Japanese adventurer Yuichiro Miura, 80, right, and his son, Gota, rest on their way to a camp at 6,500 meters during their attempt to scale the summit of Mount Everest. Miura plans to reach Everest on Thursday, May 23 to be the world's oldest person to reach the world's highest peak. (Miura Dolphins/ via AP)

The climbing season that started with a brawl on the highest mountain in the world has seen a record number of people reach the top of Mt. Everest, some making new records while others sought to break old ones.

May, considered an ideal month to climb Everest, has seen hundreds of aspiring mountaineers come to the Everest region and as many as 300 have reached the summit this season, according to Nepali newspaper Republica.

About 670 people will try to climb the peak this week (May 18-May 25), aiming to finish their ascent during favorable weather conditions. Individuals from around the world pay thousands of dollars to seek a permit to climb Everest -- many aiming for glory while others seeking adrenaline rush -- and have a small window in May to climb up and come down the mountain.

Here are some of the notable records held last weekend:

  • Raha Moharrak, 25, became the first Saudi Arabian woman, and the youngest Arab to reach to the top of Mt. Everest
  • Tashi Malik and Nancy Malik, both 21, became the first twins to climb the peak together.
  • Samina Baig, 22, became the first Pakistani woman to scale the peak. She climbed the mountain with her brother Mirza Ali.
  • Raed Zidan, 25, became the first Palestinian to climb the mountain. He dedicated his ascent to Palestinians, especially those "languishing" in Israeli prisons.
  • A U.S. Air Force team became the first active-duty military to reach to the top of the world.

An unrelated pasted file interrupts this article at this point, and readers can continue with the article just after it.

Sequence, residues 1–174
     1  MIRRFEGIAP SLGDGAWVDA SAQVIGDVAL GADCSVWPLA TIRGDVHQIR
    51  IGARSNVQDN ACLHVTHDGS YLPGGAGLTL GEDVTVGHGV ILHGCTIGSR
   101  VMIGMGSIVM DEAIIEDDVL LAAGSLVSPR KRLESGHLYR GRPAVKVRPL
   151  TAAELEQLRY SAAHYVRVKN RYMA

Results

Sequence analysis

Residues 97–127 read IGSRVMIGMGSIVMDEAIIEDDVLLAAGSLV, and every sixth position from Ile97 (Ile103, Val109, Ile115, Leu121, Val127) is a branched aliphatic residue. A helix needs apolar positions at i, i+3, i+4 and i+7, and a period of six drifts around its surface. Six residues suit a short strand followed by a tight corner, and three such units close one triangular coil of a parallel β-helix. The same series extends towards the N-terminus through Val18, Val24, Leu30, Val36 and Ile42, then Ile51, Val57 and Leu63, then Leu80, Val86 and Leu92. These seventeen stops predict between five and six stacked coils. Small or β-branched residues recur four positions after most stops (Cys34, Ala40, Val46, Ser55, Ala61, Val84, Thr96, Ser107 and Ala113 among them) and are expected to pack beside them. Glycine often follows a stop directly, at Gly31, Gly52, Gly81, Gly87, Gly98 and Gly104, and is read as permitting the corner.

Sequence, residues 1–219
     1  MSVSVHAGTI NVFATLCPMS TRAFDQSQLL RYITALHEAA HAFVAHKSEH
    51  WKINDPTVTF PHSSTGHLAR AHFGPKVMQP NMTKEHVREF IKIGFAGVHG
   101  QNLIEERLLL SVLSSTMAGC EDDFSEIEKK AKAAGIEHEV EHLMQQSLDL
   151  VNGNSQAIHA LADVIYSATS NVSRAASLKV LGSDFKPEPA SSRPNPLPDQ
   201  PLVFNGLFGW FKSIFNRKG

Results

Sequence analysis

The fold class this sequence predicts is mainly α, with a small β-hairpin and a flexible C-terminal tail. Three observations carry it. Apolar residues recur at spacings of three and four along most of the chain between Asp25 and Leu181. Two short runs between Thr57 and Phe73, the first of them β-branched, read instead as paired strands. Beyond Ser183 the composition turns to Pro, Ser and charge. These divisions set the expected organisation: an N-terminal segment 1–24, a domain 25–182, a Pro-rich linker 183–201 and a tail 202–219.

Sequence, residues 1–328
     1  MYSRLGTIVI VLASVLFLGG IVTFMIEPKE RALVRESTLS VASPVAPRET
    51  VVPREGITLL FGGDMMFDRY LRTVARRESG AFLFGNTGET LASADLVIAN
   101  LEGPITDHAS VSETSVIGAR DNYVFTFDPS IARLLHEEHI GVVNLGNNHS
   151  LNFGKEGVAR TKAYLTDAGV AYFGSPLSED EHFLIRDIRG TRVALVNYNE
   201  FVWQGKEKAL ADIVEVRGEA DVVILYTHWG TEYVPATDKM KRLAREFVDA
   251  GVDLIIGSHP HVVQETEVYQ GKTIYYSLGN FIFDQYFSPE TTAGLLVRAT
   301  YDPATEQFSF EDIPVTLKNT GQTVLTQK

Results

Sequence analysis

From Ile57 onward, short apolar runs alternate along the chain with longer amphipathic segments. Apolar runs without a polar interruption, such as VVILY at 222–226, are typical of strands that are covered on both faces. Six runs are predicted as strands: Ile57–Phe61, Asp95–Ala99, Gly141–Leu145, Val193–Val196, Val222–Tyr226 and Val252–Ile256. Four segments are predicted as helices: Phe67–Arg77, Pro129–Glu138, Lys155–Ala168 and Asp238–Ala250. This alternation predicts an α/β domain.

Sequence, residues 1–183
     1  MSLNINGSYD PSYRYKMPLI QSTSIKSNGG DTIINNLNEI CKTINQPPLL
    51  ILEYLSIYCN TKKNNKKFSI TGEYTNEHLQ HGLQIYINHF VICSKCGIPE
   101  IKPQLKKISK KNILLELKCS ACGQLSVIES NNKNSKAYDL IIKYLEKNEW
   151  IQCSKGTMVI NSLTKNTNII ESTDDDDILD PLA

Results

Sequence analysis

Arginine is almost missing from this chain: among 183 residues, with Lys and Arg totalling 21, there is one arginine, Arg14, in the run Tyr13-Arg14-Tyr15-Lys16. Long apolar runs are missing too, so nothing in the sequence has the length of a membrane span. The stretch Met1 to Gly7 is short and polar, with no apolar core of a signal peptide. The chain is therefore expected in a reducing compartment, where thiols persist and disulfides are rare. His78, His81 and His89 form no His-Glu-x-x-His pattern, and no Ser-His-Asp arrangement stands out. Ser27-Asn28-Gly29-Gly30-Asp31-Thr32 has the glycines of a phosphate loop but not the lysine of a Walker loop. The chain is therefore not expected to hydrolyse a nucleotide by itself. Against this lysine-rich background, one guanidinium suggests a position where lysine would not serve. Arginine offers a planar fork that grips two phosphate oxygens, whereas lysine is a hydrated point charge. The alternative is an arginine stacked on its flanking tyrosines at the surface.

• Arunima Sinha, 25, who had lost her leg after being hit by a train, became the first Indian amputee to climb the mountain.
  • David Liaño Gonzales, 33, from Mexico, became the first mountaineer to double summit on Mt. Everest in the same season.
  • Daniel Hughes, a British explorer made history -- and controversy -- by placing the first ever video call from Mt. Everest. He was live on the BBC. You can see the video below.

Hughes live call from the top of the world has been called illegal by the Nepali government, which said the mountaineer did not have prior approval from the authorities. Hughes could face a five-year ban from entering Nepal and a 10-year ban from climbing Everest.

Japanese climber Yuichiro Miura, 80, who is on his way to the summit, hopes to become the oldest person in the world to climb the world's highest mountain. Miura once held the title in 2003, and later lost it to a Nepali man who climbed the peak at the age of 76.

But it hasn't been all good news from Everest.

A Bangladeshi and a South Korean climber both died after climbing the summit. Five other mountaineers have died on Everest during this season.

Scaling the highest mountain comes with severe risks and, every season, climbers lose their lives. Last year, four climbers were killed in what was called a "traffic jam" on the mountain, caused by high number of people attempting to reach the top. According to National Geographic, although the success rate of climbers has more than tripled in the last two decades, Everest brings special challenges, of which overcrowding is a big one.

Everest has always been a trophy, but now that almost 4,000 people have reached its summit, some more than once, the feat means less than it did a half century ago. Today roughly 90 percent of the climbers on Everest are guided clients, many without basic climbing skills. Having paid $30,000 to $120,000 to be on the mountain, too many callowly expect to reach the summit. A significant number do, but under appalling conditions.

This year marks the 60th anniversary of the first ascent on Mt. Everest, when Edmund Hillary and Tenzing Norgay Sherpa became the first people to stand on the world's highest mountain.

You can see images from the dangerous road to Everest, where more than 300 people have died in the last six decades.